A Complete Checklist For Accurate Bookkeeping
No matter what size your business is, bookkeeping is integral to its success. Bookkeeping is the process of organizing and maintaining financial data and transactions in an effort to help your business run efficiently and smoothly.
However, accurate bookkeeping requires proper time and effort, which can become overwhelming when you are consumed by daily operations. For this reason, the experts at Your Ledger Pro have created a handy checklist on how you can handle bookkeeping tasks by yourself. Follow this checklist accurately so that you can do your books like a pro.
1. Bank statement reconciliation
All bank account balances on a company’s balance sheet should be reconciled to their corresponding bank statements. Hopefully, your main checking account is being reconciled monthly, but perhaps your savings or investment accounts are not reconciled as often.
2. PayPal reconciliation
It’s easy to forget your PayPal account in the list of reconciliations to complete. It is effectively another cash account like your bank, and we list it here separately for emphasis. If you’re using your PayPal account for both business and personal, get two accounts, and your accounting will be less expensive and more straightforward.
3. Petty cash reconciliation
Does your business have a petty cash account? If so, complete the reconciliation on the last day of your fiscal year. That will allow you to record all outstanding expenditures and replenish the account to its balance sheet amount.
4. Credit card reconciliation
If you have credit card debt in your business, each credit card statement balance should be reconciled to the amount on your balance sheet report.
If you are using your credit card for both personal and business, get another credit card and use one card for personal and another for business. This will greatly cut down your accounting expenses and keep things easier to track.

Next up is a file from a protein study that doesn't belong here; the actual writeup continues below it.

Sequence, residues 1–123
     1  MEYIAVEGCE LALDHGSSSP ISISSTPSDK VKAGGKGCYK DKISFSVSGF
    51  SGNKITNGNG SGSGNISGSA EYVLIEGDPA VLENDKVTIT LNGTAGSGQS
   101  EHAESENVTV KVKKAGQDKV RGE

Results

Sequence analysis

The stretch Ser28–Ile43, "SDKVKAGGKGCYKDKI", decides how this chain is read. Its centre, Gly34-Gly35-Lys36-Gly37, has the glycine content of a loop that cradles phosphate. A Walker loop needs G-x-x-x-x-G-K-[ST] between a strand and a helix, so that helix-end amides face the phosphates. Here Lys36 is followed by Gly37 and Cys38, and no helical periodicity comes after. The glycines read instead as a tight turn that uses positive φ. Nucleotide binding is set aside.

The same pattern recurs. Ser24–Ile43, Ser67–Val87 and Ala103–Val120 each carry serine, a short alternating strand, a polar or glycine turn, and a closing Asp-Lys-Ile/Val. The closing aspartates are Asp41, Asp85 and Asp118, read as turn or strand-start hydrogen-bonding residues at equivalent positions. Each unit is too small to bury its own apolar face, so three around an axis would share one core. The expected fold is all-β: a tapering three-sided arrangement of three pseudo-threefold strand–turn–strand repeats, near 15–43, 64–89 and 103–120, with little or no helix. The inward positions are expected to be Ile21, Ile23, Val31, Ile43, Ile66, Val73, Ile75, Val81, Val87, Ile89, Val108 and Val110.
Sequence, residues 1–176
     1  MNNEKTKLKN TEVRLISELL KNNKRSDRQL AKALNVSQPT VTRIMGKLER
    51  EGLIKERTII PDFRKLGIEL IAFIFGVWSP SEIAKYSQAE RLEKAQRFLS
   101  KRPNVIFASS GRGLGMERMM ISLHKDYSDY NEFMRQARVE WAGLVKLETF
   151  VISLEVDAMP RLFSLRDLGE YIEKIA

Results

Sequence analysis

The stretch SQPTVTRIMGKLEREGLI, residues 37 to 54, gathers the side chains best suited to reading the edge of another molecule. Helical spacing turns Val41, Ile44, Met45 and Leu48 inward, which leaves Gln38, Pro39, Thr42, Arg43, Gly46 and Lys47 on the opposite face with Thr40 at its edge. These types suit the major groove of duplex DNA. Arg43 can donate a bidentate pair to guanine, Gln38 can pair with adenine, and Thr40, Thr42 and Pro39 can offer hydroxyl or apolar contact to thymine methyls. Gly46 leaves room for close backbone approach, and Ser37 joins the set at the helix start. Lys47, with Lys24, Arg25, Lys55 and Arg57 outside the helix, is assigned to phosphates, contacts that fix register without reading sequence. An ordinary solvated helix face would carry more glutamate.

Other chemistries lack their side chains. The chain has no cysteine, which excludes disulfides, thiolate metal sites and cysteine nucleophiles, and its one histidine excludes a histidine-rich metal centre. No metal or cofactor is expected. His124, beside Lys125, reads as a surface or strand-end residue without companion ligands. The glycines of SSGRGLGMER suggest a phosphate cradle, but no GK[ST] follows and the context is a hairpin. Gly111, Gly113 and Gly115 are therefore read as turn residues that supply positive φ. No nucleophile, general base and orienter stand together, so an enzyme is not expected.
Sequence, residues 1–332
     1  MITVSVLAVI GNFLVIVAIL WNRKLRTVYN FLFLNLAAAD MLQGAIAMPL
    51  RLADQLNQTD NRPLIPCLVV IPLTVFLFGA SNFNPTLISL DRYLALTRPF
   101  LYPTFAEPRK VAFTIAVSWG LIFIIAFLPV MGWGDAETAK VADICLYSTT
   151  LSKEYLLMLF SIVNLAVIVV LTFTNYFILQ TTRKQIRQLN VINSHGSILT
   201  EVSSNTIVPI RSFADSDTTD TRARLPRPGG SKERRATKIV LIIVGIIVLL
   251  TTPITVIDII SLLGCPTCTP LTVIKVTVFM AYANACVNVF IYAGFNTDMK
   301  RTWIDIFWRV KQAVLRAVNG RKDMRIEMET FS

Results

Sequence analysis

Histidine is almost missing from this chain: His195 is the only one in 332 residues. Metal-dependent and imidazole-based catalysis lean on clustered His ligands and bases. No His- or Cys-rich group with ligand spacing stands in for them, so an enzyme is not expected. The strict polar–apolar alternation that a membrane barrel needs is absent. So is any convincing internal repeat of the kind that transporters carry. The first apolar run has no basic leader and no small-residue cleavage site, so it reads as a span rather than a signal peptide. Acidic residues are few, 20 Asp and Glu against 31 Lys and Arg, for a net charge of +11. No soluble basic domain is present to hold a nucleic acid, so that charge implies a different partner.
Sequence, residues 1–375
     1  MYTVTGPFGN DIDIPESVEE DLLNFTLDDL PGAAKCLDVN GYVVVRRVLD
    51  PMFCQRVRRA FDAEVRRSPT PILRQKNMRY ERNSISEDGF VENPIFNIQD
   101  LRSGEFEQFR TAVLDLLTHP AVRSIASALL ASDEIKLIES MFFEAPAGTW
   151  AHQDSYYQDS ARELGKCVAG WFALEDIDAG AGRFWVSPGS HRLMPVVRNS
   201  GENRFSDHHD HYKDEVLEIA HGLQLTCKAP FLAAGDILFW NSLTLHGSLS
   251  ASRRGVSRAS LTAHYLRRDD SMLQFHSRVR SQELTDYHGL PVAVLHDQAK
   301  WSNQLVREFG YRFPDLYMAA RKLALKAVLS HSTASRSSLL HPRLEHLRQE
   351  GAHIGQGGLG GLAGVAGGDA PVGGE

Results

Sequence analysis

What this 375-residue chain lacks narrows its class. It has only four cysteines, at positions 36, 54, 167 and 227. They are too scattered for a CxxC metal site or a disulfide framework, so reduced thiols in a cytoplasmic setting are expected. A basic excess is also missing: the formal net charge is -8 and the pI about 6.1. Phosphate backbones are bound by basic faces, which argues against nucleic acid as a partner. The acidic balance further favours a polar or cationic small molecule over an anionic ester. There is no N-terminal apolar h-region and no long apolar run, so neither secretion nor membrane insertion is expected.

5. Loan reconciliation
If your company has any loans, the loan balance on your balance sheet should match the loan balance on the bank or lender statement. When payments are made, they include both principal and interest, which need to be deposited into separate accounts. Often, this is not recorded correctly and can be corrected at year-end.
6. Interest income and expense
It’s a good idea to reconcile the balances in your interest income and expense accounts with the interest you received and paid from your financial institution reports.
7. Accounts receivable
If you invoice clients and have unpaid invoices, you will have a balance in Accounts Receivable. The total of this account should add up to all the unpaid customer invoices you have.
You may need to make adjustments so that the balance is accurate. For example, some invoices may need to be voided or adjusted if the amount is incorrect.
8. Uncollectible invoices
If any of the unpaid invoices in your Accounts Receivable account is old and might not be collectible, they can be written off or sent to a collection agency.
If your business stores inventory or items for sale, then the cost of these items needs to be reflected on your balance sheet. The reconciliation counts physical inventory and matches that to the inventory balance on your books.
Your inventory may be more involved if you manufacture goods for sale. You will have components such as raw materials and work-in-process in addition to finished goods.
The cost of each item is determined by the accounting method your business has adopted. Once the physical count is complete, an adjusting entry can be made to adjust the book balance.
10. Accounts payable
If you owe vendors money for work performed or items purchased, you will have a balance in Accounts Payable. The total of this account should add up to all of the unpaid bills you have.
You may need to adjust the balance for accuracy. For example, some bills may need to be voided or adjusted if the amount is incorrect.